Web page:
There are other types of loss of value of property that are financial in nature and would therefore arguably be cognizable under RICO, for example, "actual injuries to the land" and "costs of minimizing future damages." City of San Jose v. Superior Court, 12 Cal. 3d 447, 464, 525 P.2d 701, 712, 115 Cal. Rptr. 797, 808 (1974) (citations omitted). Another example would be a tenant who loses rental money because a nuisance forces abandonment of the premises with time still left on a lease for a given term (and therefore money still owed to the lessor). See Kishlar v. Southern Pac. R.R., 134 Cal. 636, 66 P. 848 (1901) (recovery for lost value when nuisance compelled lessee to vacate before the lease ended and building stood idle for over nine months). Plaintiffs in this case have alleged none of these other types of financial loss. They are not out one cent from defendants' alleged acts, either in foregone opportunity or money owed or damage needing repair. In short, they have alleged no financial loss at all.6
Instead, plaintiffs' allegations implicate the second type of nuisance injury: loss of use and enjoyment. That is a perfectly proper thing to allege in a nuisance action, and there need not be actual loss of value in order to sustain a nuisance claim for annoyance, inconvenience, discomfort, mental distress or the like. See City of San Jose, 12 Cal. 3d at 464, 525 P.2d at 712, 115 Cal. Rptr. at 808; Acadia, Cal., Ltd. v. Herbert, 54 Cal. 2d 328, 337, 353 P.2d 294, 299, 5 Cal. Rptr. 686, 691 (1960); Smith v. County of Los Angeles, 214 Cal. App. 3d 266, 287-88, 262 Cal. Rptr. 754, 766 (1989); Qualls, 148 Cal. App. 2d at 637-38, 307 P.2d at 30; Spaulding, 127 Cal. App. 2d at 706, 274 P.2d at 182; Alonso v. Hills, 95 Cal. App. 2d 778, 788, 214 P.2d 50, 57 (1950). Yet even if such damage is labeled an "injur [y] to real property," City of San Jose, 12 Cal. 3d at 464, 525 P.2d at 712, 115 Cal. Rptr. at 808, it is not a financial loss. "Personal discomfort and annoyance to which a person has been subjected by a nuisance on adjoining property," which describes this second type of nuisance damage, "is like that claimed by the plaintiff in a personal injury action." Ingram, 100 Cal. App. 2d at 823, 224 P.2d at 803. It is settled that personal injuries are not financial losses compensable under RICO. Berg, 915 F.2d at 464.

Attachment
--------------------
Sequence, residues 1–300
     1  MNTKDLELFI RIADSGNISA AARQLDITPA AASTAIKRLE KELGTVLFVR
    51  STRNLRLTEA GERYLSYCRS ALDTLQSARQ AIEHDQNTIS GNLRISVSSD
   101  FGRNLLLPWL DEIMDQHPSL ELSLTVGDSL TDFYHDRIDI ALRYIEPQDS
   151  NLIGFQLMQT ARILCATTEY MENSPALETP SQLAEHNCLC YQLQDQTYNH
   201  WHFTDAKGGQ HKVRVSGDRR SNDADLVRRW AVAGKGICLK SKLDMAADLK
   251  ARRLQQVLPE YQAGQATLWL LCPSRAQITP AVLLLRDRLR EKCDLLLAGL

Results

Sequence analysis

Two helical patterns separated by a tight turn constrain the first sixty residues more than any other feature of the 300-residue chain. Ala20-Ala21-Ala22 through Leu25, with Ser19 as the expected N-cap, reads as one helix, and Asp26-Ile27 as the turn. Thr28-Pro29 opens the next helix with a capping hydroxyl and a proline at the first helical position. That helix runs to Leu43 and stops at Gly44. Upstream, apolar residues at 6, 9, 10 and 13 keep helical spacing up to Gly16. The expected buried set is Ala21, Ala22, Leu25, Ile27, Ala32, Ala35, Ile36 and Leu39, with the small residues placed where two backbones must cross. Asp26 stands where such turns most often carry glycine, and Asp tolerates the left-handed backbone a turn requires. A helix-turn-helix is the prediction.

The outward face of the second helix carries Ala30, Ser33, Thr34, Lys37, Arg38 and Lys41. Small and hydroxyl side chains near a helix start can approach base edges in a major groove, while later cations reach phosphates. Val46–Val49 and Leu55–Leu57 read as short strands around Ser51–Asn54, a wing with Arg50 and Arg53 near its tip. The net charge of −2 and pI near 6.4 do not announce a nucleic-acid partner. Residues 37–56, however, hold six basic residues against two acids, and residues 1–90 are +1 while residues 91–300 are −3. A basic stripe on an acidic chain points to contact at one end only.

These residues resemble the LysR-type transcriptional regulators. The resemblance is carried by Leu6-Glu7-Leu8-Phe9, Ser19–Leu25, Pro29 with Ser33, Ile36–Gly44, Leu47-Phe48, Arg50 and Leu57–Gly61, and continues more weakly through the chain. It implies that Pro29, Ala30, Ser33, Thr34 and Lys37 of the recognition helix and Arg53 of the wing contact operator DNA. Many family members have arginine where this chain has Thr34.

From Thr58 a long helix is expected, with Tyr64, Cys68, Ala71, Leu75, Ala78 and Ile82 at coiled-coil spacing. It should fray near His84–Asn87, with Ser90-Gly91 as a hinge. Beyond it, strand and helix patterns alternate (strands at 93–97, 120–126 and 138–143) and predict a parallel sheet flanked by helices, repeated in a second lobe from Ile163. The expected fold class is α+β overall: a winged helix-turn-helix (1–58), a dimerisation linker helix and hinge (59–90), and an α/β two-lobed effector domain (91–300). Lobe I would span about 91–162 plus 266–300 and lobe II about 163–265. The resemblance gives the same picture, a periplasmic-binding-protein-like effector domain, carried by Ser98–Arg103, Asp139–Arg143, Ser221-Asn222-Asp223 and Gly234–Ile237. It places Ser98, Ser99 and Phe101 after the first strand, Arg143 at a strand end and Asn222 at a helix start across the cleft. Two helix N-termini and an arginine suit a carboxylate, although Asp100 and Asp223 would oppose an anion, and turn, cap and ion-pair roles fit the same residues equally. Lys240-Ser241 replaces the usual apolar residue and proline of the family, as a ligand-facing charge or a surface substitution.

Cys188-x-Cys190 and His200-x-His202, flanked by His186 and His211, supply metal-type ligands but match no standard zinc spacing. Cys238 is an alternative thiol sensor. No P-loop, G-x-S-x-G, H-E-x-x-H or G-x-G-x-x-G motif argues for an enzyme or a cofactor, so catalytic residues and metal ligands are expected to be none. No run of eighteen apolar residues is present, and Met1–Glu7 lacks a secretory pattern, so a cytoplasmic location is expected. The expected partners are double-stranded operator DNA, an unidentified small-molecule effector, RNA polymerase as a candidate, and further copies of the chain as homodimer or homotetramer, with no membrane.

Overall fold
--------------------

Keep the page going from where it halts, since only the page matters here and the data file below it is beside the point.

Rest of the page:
If defendants diminished plaintiffs' enjoyment of their property, then plaintiffs may sue to their hearts' content--in state court, alleging nuisance. But in my view, this complaint was in the wrong court under the wrong statute and the district court properly dismissed it.7
For the sake of brevity, we refer to the residents of Barrington Hall and defendants together as Barrington Hall. At this stage, there is no reason to distinguish between them: If the complaint's allegation of conspiracy and aiding and abetting are taken as true, see Third Amended Complaint pp 7-20, ER 3-7, defendants and Barrington Hall's residents are liable for each other's conduct. 18 U.S.C. § 1962(d) (conspiracy to violate RICO unlawful); Petro-Tech, Inc. v. Western Co., 824 F.2d 1349, 1356-62 (3d Cir. 1987) (aiders and abettors liable under civil RICO as principals)
Plaintiffs have alleged other types of property damages as well. For example, they claim that persons acting on behalf of defendants wrote "Go Die" in indelible ink on plaintiff Oscar's car. Third Amended Complaint p 73, ER 19. However, these allegations don't appear in the RICO portion of the complaint. The complaint also fails to allege that the acts were connected with the racketeering activity. Accordingly, we infer that the loss of use and enjoyment is the only injury to property plaintiffs allege under RICO
Defendants' position is remarkably like that of the dissent in Sedima, 473 U.S. at 521, 105 S. Ct. at 3302 (arguing that only businesses may bring RICO claims)
Some of the alleged actions may have caused both psychic and property damage. Thus, plaintiffs allege that various defendants threatened them in order to protect the racketeering enterprise. Third Amended Complaint p 16, ER 4-5. To the extent these threats interfered with plaintiffs' enjoyment of their property and decreased its fair market value, they are cognizable under RICO; to the extent they merely caused plaintiff's emotional distress, RICO does not provide a remedy